Farm Progress

Can inoculant + nutrient enhancer up peanut returns? Can less tillage?

Georgia peanut studies look at reduced tillage, foliar fertilizers, plant stimulants and nutrient enhancement to improve productivity.

Brad Haire 1

July 26, 2018

2 Min Read
Dr. Scott Monfort, UGA Extension peanut agronomist, July 24 at the Sunbelt Ag Expo annual field day.

Peanut growers must continue to seek ways to more economically and efficiently increase yields in order to remain competitive.

The University of Georgia Peanut Team conducts many research trials across the state’s peanut belt, including work on real farms and on university research farms. At the Sunbelt Ag Expo Darrell Williams Research Farm at Moultrie, Ga., the team has trials to determine yield response and economic return for select tillage treatments, biological inoculant products, foliar fertilizers and plant growth stimulants. The peanut team’s research work and plots were tour stops during the Sunbelt Ag Expo Field Day July 24.

Dr. Scott Monfort, UGA Extension peanut specialist who leads the team, conducted trials last season at the Expo to compare reduced tillage treatments, using single shank and twin shank rippers, to more common conventional tillage treatments, such as deep turning and harrowing. He used no cover crops in the trials.

“Yield in conventional tillage tended to be higher in most of trials conducted in 2017,” he says. “However, yields in the Expo tillage trial were found to be similar across all tillage treatments.”

Additional research by Monfort at Sunbelt Expo “will assess the impact of cover crops in reduced tillage systems compared to conventional tillage. Treatments being assessed are intensive broadcast tillage (bottom plow), and two reduced tillage programs consisting of a single ripper shank, with and without a cover crop.”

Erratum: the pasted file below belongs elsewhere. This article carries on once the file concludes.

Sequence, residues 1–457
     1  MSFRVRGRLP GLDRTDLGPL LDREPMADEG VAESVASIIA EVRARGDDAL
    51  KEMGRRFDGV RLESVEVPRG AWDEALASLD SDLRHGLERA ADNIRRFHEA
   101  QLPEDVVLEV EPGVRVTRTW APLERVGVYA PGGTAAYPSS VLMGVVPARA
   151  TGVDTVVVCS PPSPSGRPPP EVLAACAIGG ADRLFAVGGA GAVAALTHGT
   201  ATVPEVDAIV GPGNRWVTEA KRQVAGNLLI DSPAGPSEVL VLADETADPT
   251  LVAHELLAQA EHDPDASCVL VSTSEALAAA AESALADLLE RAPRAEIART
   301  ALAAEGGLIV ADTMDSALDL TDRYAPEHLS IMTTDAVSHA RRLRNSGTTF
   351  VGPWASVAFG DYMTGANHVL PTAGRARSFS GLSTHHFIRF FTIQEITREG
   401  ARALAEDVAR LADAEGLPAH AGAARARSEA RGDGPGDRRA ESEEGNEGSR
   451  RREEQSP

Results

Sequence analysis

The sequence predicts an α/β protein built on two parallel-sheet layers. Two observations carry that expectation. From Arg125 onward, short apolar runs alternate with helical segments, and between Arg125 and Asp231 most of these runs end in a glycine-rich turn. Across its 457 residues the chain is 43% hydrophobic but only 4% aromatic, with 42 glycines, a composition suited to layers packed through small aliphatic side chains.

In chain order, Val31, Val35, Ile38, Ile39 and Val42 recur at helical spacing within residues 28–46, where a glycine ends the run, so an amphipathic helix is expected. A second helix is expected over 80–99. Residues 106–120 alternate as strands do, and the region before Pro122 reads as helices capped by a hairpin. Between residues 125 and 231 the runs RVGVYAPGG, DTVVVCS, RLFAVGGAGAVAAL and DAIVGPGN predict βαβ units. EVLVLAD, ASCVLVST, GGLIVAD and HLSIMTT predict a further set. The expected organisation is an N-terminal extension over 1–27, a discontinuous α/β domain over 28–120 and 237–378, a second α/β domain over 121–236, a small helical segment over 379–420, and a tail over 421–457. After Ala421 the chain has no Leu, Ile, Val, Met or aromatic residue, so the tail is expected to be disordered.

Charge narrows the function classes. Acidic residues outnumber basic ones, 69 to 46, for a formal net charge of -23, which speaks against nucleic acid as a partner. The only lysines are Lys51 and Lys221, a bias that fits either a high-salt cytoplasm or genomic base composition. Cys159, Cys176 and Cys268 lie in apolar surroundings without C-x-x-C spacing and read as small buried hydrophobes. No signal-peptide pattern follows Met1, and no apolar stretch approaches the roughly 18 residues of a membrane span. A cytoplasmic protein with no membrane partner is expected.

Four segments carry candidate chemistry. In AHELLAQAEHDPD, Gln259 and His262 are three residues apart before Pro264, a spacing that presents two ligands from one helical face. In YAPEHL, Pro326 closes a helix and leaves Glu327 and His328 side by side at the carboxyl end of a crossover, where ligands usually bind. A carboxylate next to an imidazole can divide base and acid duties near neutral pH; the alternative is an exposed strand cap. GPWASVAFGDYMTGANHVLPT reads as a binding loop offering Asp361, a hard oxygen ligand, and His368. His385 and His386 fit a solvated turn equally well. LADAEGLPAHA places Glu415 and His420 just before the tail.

Related:Southern Peanut Conference hosts 20th annual meeting, Mirama Beach, Fla.

Peanut farmers often ask if foliar fertilizers, plant growth stimulants and nutrient enhancement products help improve crop productivity. The UGA Peanut Team and Jeremy Kichler, UGA Extension coordinator in Colquitt County, where the Expo is located, have several foliar fertilizer and plant growth stimulant trials in 2018.

“These products will be assessed for their impact on crop growth, yield and quality in large-scale trials,” Monfort says.  “The peanut team is also trying to confirm potential additive effects of several growth enhancement products mixed with peanut inoculants. This research project is seeking to determine if these nutrient enhancement products increase productivity above and beyond the Rhizobium inoculants.”

Products being evaluated in the 2018 peanut trial are Optimize Lift (inoculant), TagTeam LCO (inoculant + nutrient enhancement), and Myco Apply EndoPrime (nutrient enhancement) + Optimize Lift (inoculant), and Primo Power CL (inoculant). Products will be evaluated on emergence rate, root growth, vine growth, yield and grade.

Monfort said the Georgia peanut crop is currently about a week to two weeks behind with some growers even further behind than normal, adding that some major growers faced adverse spring weather and were not able to get started planting until the first of June. The crop in general is looking good but conditions are optimal for disease outbreaks in the coming month. To see the crop through, growers will have to scout and stay on top of disease management programs.

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